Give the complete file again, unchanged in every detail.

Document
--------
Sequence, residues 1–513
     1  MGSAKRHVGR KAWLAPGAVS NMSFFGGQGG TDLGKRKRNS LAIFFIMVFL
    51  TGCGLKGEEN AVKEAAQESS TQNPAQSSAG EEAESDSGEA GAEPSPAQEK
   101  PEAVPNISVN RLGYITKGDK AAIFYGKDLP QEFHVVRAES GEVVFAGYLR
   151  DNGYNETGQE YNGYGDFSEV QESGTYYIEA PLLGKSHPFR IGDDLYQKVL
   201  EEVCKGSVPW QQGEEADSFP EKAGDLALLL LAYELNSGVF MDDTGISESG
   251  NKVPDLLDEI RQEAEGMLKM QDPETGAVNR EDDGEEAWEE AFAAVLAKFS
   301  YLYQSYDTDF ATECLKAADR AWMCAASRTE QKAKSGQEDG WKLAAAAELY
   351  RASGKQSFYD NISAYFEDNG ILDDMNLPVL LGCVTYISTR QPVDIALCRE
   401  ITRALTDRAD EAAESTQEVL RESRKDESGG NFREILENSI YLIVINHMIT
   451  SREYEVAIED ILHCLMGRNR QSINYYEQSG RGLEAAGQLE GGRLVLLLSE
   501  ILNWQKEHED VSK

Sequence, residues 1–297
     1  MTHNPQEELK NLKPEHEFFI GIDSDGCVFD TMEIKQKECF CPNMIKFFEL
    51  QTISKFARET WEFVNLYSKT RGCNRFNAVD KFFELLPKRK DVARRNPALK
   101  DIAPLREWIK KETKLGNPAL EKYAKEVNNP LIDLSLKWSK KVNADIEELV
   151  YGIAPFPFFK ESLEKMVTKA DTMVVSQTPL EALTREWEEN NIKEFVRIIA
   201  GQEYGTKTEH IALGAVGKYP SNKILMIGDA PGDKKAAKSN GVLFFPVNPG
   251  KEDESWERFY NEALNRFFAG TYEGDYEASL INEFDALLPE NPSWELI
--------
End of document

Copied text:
Sequence, residues 1–513
     1  MGSAKRHVGR KAWLAPGAVS NMSFFGGQGG TDLGKRKRNS LAIFFIMVFL
    51  TGCGLKGEEN AVKEAAQESS TQNPAQSSAG EEAESDSGEA GAEPSPAQEK
   101  PEAVPNISVN RLGYITKGDK AAIFYGKDLP QEFHVVRAES GEVVFAGYLR
   151  DNGYNETGQE YNGYGDFSEV QESGTYYIEA PLLGKSHPFR IGDDLYQKVL
   201  EEVCKGSVPW QQGEEADSFP EKAGDLALLL LAYELNSGVF MDDTGISESG
   251  NKVPDLLDEI RQEAEGMLKM QDPETGAVNR EDDGEEAWEE AFAAVLAKFS
   301  YLYQSYDTDF ATECLKAADR AWMCAASRTE QKAKSGQEDG WKLAAAAELY
   351  RASGKQSFYD NISAYFEDNG ILDDMNLPVL LGCVTYISTR QPVDIALCRE
   401  ITRALTDRAD EAAESTQEVL RESRKDESGG NFREILENSI YLIVINHMIT
   451  SREYEVAIED ILHCLMGRNR QSINYYEQSG RGLEAAGQLE GGRLVLLLSE
   501  ILNWQKEHED VSK

Sequence, residues 1–297
     1  MTHNPQEELK NLKPEHEFFI GIDSDGCVFD TMEIKQKECF CPNMIKFFEL
    51  QTISKFARET WEFVNLYSKT RGCNRFNAVD KFFELLPKRK DVARRNPALK
   101  DIAPLREWIK KETKLGNPAL EKYAKEVNNP LIDLSLKWSK KVNADIEELV
   151  YGIAPFPFFK ESLEKMVTKA DTMVVSQTPL EALTREWEEN NIKEFVRIIA
   201  GQEYGTKTEH IALGAVGKYP SNKILMIGDA PGDKKAAKSN GVLFFPVNPG
   251  KEDESWERFY NEALNRFFAG TYEGDYEASL INEFDALLPE NPSWELI